7. 4 out of 5

    Russell

    This is a wonderful book for anyone who has had to deal with a parent or relative that struggles with dementia, or any kind of condition that affects their memory. Vicki Tapia does a wonderful job of sharing her experience with her mother's deteriorating memory with a sense of humor, but also with a genuine sense of confusion and anger when she becomes the target of her mother's confusion. This book also offers practical advice about how to go about negotiating some of the more difficult aspects This is a wonderful book for anyone who has had to deal with a parent or relative that struggles with dementia, or any kind of condition that affects their memory. Vicki Tapia does a wonderful job of sharing her experience with her mother's deteriorating memory with a sense of humor, but also with a genuine sense of confusion and anger when she becomes the target of her mother's confusion. This book also offers practical advice about how to go about negotiating some of the more difficult aspects of this experience. I'd highly recommend this book to anyone who feels alone with this experience.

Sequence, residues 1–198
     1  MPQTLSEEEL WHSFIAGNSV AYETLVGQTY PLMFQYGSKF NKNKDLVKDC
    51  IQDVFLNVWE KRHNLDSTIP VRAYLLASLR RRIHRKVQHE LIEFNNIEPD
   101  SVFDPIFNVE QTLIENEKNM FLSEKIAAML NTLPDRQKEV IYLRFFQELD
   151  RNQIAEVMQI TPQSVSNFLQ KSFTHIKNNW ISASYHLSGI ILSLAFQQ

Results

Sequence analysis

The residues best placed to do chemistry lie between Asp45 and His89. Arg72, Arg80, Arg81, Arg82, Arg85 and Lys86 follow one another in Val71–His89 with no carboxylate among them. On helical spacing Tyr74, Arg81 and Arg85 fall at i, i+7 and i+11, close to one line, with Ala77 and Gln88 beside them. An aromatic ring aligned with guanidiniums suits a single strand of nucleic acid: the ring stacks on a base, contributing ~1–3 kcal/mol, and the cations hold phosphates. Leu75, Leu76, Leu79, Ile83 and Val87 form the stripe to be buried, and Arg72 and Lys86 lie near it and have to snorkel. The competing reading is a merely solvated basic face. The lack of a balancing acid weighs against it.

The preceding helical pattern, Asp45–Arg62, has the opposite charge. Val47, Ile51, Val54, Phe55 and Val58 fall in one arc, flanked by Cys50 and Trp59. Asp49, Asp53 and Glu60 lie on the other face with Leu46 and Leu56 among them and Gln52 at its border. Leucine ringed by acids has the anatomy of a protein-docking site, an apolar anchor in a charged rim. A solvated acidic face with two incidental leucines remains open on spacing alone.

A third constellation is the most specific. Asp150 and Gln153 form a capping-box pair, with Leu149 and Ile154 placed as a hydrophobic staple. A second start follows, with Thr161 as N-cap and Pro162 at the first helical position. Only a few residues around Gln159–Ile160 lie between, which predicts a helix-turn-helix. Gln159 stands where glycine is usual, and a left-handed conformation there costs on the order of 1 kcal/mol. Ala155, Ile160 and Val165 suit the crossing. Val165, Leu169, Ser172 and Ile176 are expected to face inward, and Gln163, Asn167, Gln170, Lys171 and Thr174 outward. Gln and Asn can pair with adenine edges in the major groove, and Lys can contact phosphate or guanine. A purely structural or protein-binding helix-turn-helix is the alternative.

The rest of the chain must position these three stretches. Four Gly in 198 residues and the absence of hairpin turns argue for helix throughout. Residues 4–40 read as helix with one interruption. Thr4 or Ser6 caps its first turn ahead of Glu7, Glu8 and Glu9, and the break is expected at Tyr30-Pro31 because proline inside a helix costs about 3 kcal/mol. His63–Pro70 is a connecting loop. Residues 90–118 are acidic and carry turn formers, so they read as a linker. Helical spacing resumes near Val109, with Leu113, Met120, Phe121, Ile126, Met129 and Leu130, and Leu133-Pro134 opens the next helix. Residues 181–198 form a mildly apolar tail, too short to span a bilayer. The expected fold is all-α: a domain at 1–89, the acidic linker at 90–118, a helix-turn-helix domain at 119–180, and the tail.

8. 5 out of 5

    Marianne Sciucco

    This inspiring memoir chronicles the author's journey as caregiver of two parents with dementia at the same time. It is a deeply personal, in-depth, intricate story, sure to bring an understanding of the demands and sacrifices related to this horrific disease - the uncertainty and confusion concerning decision-making for parents who must now be parented, the loss, grief, and sense of being all alone. The author's brave and honest sharing of her experiences will guide caregivers on their journeys This inspiring memoir chronicles the author's journey as caregiver of two parents with dementia at the same time. It is a deeply personal, in-depth, intricate story, sure to bring an understanding of the demands and sacrifices related to this horrific disease - the uncertainty and confusion concerning decision-making for parents who must now be parented, the loss, grief, and sense of being all alone. The author's brave and honest sharing of her experiences will guide caregivers on their journeys and offer insight to those who are unfamiliar with Alzheimer's and dementia.